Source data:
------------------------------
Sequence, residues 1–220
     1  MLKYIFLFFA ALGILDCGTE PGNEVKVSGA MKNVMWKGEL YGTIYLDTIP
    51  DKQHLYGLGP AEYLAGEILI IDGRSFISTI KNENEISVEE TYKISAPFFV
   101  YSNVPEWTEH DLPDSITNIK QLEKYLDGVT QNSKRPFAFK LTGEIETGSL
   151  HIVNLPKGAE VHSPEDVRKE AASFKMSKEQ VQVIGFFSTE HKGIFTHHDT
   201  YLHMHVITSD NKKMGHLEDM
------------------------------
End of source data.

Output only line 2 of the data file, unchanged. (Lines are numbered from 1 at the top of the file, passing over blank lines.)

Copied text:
     1  MLKYIFLFFA ALGILDCGTE PGNEVKVSGA MKNVMWKGEL YGTIYLDTIP